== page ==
A weekend of free virtual talks:
all the latest archaeological discoveries and research from Britain and beyond
25-27 February 2022
Join us for Current Archaeology Live! 2022, which will run from 25-27 February. Like last year, this year’s event is entirely online, and we have an excellent line-up of leading archaeological experts from across the UK to share their latest thinking on all aspects of the past.
In order to make the event as accessible as possible, all the talks have been pre-recorded and then uploaded to the Current Archaeology YouTube channel for you to enjoy at your leisure during the conference weekend. To join in, simply click on the talk titles in the list below. You can watch them in whatever order you prefer, at your convenience, with no concerns about sticking to a prescribed timetable (though, unfortunately, you will need to provide your own tea and biscuits for breaks this year!).
While we won’t be able to facilitate the usual live Q&A at the end of each talk, you can use this form here over the conference weekend for submitting questions to our speakers. We will pass them on to the archaeologists and answers will be posted on our website after the conference.
List of speakers
To watch a talk, click on the linked talk title and it will take you directly to the presentation in YouTube.
Secrets of the Cladh Hallan roundhouses
Professor Mike Parker Pearson
Iron Age coins in Britain: new advances through Linked Open Data
Dr Courtney Nimura
Roman Richborough: the amphitheatre and town
Bridge over troubled water: the Roman finds from the River Tees at Piercebridge in context
Professor Hella Eckardt and Dr Philippa Walton
Monasteries in the Viking Age: Iona after AD 800
Dr Adrián Maldonado
Airfields and their potential for study
Dr Robert Clarke
Visualising Iron Age Shetland
Dr Li Sou
The treasure chest of textiles: scientific analyses of fibres and dyes of the 18th-century West African fabrics from Thomas Clarkson’s chest
Dr Margarita Gleba, Dr Malika Kraamer, and Sarah Coleman
Prehistoric diets in the Southern Levant
Dr Shyama Vermeersch
Archaeology in Japan: some reflections from the UK
Professor Simon Kaner
Beginning Beyond Notability: excavating the archives for women in archaeology, history, and heritage in Britain 1870-1950
Dr Amara Thornton
[This talk was available until 27 February 2022]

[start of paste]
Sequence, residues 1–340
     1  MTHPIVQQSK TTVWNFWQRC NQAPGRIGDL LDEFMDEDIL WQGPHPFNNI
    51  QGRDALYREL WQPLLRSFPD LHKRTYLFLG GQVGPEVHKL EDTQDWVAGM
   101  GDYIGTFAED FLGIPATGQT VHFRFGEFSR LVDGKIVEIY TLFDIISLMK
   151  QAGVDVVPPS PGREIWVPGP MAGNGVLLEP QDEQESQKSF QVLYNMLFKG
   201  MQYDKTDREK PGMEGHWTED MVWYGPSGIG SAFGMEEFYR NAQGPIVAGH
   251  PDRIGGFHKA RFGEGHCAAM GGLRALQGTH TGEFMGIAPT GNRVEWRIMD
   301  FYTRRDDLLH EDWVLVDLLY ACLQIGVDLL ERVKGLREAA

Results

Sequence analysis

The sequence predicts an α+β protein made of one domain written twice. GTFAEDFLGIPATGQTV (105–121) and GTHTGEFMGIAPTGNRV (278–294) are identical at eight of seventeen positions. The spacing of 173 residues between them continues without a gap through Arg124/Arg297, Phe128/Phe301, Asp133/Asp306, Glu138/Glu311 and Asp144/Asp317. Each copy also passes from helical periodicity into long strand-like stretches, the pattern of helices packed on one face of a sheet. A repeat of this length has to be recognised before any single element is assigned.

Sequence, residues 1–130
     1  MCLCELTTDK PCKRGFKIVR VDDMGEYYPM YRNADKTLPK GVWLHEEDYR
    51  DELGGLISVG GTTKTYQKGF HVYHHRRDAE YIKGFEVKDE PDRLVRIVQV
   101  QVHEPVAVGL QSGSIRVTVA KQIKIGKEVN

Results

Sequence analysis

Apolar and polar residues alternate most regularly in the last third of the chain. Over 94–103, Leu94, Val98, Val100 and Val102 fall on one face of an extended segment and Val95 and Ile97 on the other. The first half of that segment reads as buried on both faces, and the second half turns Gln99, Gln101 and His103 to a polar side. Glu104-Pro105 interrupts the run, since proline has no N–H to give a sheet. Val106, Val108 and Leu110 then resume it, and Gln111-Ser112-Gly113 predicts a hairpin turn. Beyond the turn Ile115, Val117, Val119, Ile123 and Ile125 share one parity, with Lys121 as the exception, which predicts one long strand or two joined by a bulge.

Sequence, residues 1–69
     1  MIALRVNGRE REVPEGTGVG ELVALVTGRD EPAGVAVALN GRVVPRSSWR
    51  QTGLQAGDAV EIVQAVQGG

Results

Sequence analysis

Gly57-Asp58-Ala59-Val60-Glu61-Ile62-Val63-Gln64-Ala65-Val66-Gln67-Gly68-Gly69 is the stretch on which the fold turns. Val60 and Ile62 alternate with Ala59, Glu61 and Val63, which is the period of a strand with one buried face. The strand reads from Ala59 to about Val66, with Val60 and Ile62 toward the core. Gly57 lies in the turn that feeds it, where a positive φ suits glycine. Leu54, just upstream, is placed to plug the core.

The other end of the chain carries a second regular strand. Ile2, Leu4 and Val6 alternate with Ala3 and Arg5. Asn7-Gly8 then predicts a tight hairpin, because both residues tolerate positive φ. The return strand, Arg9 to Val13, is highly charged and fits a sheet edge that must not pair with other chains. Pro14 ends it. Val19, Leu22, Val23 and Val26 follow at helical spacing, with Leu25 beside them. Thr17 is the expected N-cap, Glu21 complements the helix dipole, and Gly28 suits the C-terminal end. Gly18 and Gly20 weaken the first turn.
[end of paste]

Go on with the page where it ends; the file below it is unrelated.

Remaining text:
Visualising Dunhuang: the Mogao and Yulin Caves in China
Dr Dora C Y Ching
Libarna: putting together a fragmented history
Dr Katherine Huntley
The first pharaohs
Professor Aidan Dodson
1942: Britain at the brink
Current Archaeology Awards
The winners of the 2022 Current Archaeology Awards will be announced by Julian Richards at 7pm on 25 February over on our YouTube channel. Voting has now closed – you can find out more about all the nominees by clicking here.
CA Live! Archaeology Fair 2022
An enduringly popular feature of CA Live! is our Archaeology Fair, which provides a wide range of exhibitors such as travel companies, booksellers, field schools, and other archaeological organisations.
This year we have taken the Archaeology Fair online, and are glad to welcome leading archaeological publishers, including Oxbow Books, Archaeopress, Princeton University Press and Wordwell (publishers of Archaeology Ireland), while those interested in archaeological travel can find out more about expert-led tours and heritage-themed holidays from Hidden History Travel. Specialist archaeological services are offered by Wessex Insurance, and a specialist heritage photography and 3D imaging service is provided by Aerial-Cam Ltd.
For readers with an interest in all things Roman, Vindolanda has extensive Roman remains to explore, live archaeology to watch, and thousands of artefacts on display.
If experimental archaeology is your thing, then be sure to take a look at Butser Plus, which shares the story of Butser Ancient Farm through a series of mini-documentaries.
For those intrigued by the prospect of studying archaeology at university, the Department of Archaeology at Cambridge is one of the oldest archaeological departments in the world. They offer a stimulating course that provides a thought-provoking insight into the diverse shapes of human societies and social power over time, with profound implications for the present.
And if you are interested in getting involved in a dig yourself, Kent Archaeological Field School runs a programme of archaeological subjects taught by experienced practitioners.